Besides feeling tired, why do I need a good night’s sleep?
There are so many reasons that a good night’s sleep is important…but I will limit myself to 5…for now…these are not in any particular order…except for #1! Now you’ll have to read on to find out…don’t cheat!
#5 – Weight Gain/Loss
Research shows that lack of quality sleep is linked to obesity. The less you sleep, the more your body alters its normal body chemical signals that cause you to eat more or gain weight. Two of these chemicals in our bodies are leptin and cortisol. Leptin gives information to your brain about energy levels and also tells the body when it has eaten enough food…low leptin levels are associated with increased hunger (and they drop at night, which is why many people do their worst snacking at night.) Cortisol stimulates hunger and food intake, and increases in response to sleep deprivation. Chronic insomniacs have high cortisol levels. The combination of low leptin and high cortisol lead to eating more and gaining more weight. Plus…if you are tired, you aren’t motivated for exercise.
Does depression cause lack of sleep, or does lack of sleep cause depression? The jury may still be out on this, but it has been documented that patients with a deviated nasal septum AND depression have an improvement in mood when breathing is easier after surgery to correct the deviation. The same thing goes for tonsil and adenoid removal in those patients with enlarged tonsils and adenoids blocking the airway, especially at night.
#3 – ADHD
There is no blood test for ADHD. Interestingly, the symptoms of ADHD (especially in children) are remarkably similar to those occurring from lack of sleep. While medications may improve some symptoms of ADHD, think about why this works. The medications are stimulants…and the patients are tired from not sleeping… so the medications decrease the symptoms. Have the child screened for a sleep disorder and also with an ENT for enlarged tonsils and adenoids…and correct those problems. It may mean no more ADHD prescriptions.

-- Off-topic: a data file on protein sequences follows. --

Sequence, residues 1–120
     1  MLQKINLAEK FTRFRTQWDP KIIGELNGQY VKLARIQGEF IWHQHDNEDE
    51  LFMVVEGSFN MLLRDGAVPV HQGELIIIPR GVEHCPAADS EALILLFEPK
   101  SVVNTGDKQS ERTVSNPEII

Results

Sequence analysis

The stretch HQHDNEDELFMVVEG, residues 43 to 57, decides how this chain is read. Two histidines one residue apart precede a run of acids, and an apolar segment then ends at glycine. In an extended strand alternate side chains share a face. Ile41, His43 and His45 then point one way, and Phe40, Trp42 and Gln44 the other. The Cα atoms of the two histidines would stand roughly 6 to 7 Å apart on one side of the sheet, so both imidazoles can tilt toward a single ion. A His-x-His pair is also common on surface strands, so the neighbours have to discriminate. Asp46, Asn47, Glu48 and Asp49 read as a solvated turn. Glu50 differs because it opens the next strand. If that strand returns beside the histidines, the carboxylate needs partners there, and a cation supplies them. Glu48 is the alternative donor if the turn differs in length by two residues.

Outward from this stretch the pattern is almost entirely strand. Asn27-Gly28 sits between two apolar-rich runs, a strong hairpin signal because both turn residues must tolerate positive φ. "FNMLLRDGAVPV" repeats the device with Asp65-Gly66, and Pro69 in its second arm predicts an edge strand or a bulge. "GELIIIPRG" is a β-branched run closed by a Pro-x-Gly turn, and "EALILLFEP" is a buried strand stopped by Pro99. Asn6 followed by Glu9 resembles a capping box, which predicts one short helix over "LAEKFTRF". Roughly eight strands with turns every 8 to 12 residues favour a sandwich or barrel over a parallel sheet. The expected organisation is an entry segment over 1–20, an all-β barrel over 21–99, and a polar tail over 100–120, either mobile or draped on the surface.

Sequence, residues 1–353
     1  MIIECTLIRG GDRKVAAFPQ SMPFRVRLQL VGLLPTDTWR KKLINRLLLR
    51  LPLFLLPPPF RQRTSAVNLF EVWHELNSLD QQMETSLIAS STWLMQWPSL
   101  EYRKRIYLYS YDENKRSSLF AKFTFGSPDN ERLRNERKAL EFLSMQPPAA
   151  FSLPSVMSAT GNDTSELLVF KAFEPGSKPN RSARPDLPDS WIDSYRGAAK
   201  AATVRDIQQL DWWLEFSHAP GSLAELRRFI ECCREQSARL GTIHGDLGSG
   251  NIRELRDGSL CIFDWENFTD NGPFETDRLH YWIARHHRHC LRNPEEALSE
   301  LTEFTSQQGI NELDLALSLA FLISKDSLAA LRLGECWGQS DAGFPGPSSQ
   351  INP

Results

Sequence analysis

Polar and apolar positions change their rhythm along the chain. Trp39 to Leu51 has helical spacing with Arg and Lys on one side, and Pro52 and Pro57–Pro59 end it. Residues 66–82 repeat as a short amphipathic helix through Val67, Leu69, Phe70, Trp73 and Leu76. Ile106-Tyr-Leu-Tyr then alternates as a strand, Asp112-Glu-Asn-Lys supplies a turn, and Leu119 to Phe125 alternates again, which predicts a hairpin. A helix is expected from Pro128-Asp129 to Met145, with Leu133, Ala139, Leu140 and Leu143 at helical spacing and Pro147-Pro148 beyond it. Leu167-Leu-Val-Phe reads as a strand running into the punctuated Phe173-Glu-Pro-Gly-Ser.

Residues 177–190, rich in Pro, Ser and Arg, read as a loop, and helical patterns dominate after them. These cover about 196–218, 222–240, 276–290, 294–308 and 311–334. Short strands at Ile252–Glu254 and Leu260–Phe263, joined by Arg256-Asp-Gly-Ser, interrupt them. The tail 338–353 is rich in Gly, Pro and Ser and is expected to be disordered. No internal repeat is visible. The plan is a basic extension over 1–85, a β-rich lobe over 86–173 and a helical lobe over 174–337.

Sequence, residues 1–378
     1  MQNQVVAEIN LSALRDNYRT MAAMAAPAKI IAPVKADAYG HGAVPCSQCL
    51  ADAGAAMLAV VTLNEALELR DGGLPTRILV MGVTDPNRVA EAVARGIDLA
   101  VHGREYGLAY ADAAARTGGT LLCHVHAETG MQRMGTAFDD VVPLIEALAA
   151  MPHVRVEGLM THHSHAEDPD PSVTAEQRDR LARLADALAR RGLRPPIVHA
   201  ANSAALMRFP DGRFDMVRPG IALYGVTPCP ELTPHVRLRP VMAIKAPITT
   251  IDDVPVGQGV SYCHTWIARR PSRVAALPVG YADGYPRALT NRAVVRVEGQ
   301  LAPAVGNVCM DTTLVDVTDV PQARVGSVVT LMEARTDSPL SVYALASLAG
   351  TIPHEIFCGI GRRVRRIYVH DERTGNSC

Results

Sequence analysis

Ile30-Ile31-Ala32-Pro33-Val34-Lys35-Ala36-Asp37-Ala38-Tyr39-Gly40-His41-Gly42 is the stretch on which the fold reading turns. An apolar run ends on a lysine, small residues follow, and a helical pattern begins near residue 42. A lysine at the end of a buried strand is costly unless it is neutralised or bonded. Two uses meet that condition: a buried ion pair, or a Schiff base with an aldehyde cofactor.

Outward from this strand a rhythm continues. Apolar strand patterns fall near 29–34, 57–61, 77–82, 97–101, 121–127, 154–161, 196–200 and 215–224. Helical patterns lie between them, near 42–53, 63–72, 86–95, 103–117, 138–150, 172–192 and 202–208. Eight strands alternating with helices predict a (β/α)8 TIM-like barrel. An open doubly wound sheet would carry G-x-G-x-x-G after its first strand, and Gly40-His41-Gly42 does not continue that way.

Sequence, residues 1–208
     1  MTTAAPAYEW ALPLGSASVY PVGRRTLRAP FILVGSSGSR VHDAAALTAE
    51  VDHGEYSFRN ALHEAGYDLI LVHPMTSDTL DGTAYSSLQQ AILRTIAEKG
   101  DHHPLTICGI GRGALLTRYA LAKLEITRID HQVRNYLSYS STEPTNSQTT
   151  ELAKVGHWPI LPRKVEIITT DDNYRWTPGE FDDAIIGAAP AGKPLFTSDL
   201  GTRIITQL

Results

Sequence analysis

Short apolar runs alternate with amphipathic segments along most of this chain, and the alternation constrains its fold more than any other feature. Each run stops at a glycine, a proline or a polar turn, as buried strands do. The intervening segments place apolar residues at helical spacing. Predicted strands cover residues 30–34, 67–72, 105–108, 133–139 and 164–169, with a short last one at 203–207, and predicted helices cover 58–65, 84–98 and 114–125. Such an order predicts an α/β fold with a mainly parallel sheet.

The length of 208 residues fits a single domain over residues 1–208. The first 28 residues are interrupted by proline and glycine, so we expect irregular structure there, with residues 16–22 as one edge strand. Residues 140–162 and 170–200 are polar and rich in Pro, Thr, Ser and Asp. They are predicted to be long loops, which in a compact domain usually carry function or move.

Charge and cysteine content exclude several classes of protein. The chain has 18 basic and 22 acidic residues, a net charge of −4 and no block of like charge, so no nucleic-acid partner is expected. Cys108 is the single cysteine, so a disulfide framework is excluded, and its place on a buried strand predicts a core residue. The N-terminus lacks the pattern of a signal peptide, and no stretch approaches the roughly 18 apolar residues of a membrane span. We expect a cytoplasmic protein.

#2 – Sex
I knew this would get your attention. The New York Times reported a trend of building two master bedrooms in homes for many reasons…but the number one reason was spousal snoring! If you think sleeping in separate bedrooms is good for relationships…think again. Snoring alone doesn’t ruin a relationship, but can certainly be another negative factor. Whether you are the snorer or the spouse of the snorer…you get poor sleep. With poor sleep, “fight or flight” responses are increased. There are certain parts of the body that, when under stress, do not get enough blood flow to work properly. Therefore, the parts may not function as you’d hope they will, the interest to use the parts may not even be present, and…fertility can be reduced while blood is being diverted to other major organs in the body.
#1 – Heart Disease
Stopped breathing several times each night leads to constricted blood vessels, preventing proper blood flow to the heart, and less blood pumped out of the heart. When the sleeper breathes again, chest pressure goes back to normal, and a sudden increase in blood flow through the heart leads to increased blood pressure. Over months and years of this happening, the high blood pressure moves to the daytime as well. Causing heart disease. Many patients who are on “heart” medications now likely have an undiagnosed sleep breathing disorder…having this disorder treated now won’t correct the problems of many years of poor sleeping…but can elongate life.
Are there other reasons?
Absolutely…and I am more than happy to go into details with anyone who wants to shoot me an email. I can best be reached with questions at firstname.lastname@example.org I just figured these 5 were enough to gain attention.
The best is to have sleep disorders diagnosed sooner rather than later. If the disorder can be treated before the body has too much extra stress placed on it…it’s that much healthier we can all be.